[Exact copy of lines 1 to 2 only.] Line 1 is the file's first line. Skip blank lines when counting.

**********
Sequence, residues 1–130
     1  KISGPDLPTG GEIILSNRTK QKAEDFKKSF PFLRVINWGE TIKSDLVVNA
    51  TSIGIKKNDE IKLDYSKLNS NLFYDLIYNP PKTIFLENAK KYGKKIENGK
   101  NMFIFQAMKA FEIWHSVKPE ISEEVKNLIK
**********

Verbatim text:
Sequence, residues 1–130
     1  KISGPDLPTG GEIILSNRTK QKAEDFKKSF PFLRVINWGE TIKSDLVVNA